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Rethinking Health Care from a Global Perspective: American Complexity

People sit in folding chairs

Patients have their blood pressure checked and other vitals taken at a Remote Area Medical mobile dental and medical clinic on October 7, 2023, in Grundy, Va., a rural and financially struggling area of western Virginia. By learning from other countries, the U.S. can build a better, more inclusive health system that accomplishes enough for all while allowing some to pay for more. Photo: Spencer Platt/Getty Images

Patients have their blood pressure checked and other vitals taken at a Remote Area Medical mobile dental and medical clinic on October 7, 2023, in Grundy, Va., a rural and financially struggling area of western Virginia. By learning from other countries, the U.S. can build a better, more inclusive health system that accomplishes enough for all while allowing some to pay for more. Photo: Spencer Platt/Getty Images

  • The U.S. can learn from how other countries strike a balance between the public and private sector to ensure everyone has access to quality health care, while allowing for choice and more efficient use of resources

  • Other nations show that it’s possible to achieve universal coverage, invest in public care delivery systems, and reduce administrative inefficiencies

In our previous discussion, we explored how various countries successfully implement diverse health care models to achieve universal coverage. From Switzerland’s private insurance to Singapore’s health savings accounts and other more socialized systems, each offers unique lessons on balancing public and private involvement in health care coverage. Now, let’s pivot our focus to the United States.

The U.S. health care system is a complex patchwork that seems to combine the worst of all worlds. Employer-based insurance limits choice by tying coverage to employment. Medicare is akin to a single-payer system but comes with its own challenges, including high out-of-pocket costs for specific services and medications. The VA system, which provides care for military veterans, is the closest the United States comes to a thoroughly socialized system, like England’s National Health Service (NHS). However, it has significant challenges, including long wait times and questions about quality. The Medicaid model provides a safety net for vulnerable populations. Still, eligibility and the range of services covered vary significantly from state to state, resulting in a patchwork that can be confusing and inadequate.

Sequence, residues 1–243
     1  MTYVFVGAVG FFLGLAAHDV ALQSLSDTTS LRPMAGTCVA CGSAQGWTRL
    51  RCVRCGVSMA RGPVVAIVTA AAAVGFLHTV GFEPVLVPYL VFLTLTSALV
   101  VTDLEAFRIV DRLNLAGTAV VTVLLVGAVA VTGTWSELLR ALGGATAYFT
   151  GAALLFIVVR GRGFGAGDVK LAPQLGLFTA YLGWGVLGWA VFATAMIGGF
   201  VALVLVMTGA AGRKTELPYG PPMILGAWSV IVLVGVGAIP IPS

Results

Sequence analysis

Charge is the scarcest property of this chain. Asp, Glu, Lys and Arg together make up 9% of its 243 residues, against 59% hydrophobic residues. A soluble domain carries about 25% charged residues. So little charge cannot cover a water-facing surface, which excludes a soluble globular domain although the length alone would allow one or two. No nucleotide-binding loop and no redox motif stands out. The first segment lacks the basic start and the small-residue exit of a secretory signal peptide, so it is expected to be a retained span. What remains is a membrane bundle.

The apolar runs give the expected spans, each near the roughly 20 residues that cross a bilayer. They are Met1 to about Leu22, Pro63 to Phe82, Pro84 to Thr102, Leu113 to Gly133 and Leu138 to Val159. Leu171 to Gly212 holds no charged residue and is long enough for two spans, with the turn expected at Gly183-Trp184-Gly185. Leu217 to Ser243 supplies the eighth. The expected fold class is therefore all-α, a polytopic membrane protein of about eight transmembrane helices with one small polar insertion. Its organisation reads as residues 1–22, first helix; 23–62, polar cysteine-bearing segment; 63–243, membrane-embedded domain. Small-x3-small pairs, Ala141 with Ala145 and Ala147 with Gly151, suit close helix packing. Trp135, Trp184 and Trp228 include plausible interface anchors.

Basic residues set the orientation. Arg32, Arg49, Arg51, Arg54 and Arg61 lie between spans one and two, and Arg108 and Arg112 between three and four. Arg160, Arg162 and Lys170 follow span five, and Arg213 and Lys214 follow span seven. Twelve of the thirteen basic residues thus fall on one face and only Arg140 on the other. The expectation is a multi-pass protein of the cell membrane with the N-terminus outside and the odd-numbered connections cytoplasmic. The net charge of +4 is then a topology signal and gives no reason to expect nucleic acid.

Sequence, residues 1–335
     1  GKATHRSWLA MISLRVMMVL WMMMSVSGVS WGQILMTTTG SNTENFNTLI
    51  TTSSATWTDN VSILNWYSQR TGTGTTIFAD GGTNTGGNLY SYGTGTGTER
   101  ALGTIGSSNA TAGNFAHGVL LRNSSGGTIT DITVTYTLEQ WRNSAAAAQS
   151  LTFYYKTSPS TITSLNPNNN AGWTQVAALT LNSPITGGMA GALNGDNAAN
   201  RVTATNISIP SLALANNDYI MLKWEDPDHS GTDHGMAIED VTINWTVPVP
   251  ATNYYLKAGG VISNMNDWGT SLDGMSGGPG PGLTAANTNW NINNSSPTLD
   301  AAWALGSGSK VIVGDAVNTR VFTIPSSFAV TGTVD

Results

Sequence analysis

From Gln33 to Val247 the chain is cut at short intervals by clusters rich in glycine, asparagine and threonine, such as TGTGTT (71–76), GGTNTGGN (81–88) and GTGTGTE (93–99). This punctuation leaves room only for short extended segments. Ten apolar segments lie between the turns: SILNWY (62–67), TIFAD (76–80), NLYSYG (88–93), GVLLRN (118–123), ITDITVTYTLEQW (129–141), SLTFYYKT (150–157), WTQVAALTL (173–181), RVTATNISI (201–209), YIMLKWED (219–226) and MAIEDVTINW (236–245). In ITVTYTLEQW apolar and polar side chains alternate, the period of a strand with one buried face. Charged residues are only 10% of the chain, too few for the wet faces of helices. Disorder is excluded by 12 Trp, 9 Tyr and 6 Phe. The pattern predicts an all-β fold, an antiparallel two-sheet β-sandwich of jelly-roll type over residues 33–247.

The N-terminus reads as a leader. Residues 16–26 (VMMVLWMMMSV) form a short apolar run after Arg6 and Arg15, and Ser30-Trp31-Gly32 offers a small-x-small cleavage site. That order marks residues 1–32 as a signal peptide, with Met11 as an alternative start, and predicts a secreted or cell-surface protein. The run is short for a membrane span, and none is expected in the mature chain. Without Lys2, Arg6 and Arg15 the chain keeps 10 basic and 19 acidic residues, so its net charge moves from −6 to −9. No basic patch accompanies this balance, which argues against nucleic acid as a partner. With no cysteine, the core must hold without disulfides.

This complexity isn’t just confusing; it’s inefficient. It often fails to meet our two main goals: access and financial protection. The fragmented nature of the American system creates gaps in coverage, inconsistencies in treatment, and inefficiencies that drive up costs for everyone.

While we’re engrossed in debates about coverage systems, though, we’re overlooking another crucial aspect: the delivery of health care services. How do we ensure that the care we’re paying for is not just accessible but also effective, efficient, patient-centered, and equitable?

Public vs. Private: A False Dichotomy

The notion that the private sector is inherently superior to the public sector is flawed. While some believe the private sector emphasizes innovation and customer service, it often comes at a steeper price. It values choice and individual preferences but can lead to disparities. Those with fewer means are often unable to attain needed care, and evidence shows that race, ethnicity, and gender can affect the access and quality of care that patients experience.

Conversely, the public sector can often be more outcome-driven and cost-effective, but it might not always offer the latest innovations or personalized experiences. It’s often designed to provide a baseline of quality care for all but might not always have the resources or incentives to push boundaries or provide amenities.

In the U.S., there’s a significant tilt toward private delivery systems, which can lead to higher costs while not necessarily delivering better outcomes. To achieve a more efficient and equitable system, the U.S. should consider striking a balance, like other developed countries have done.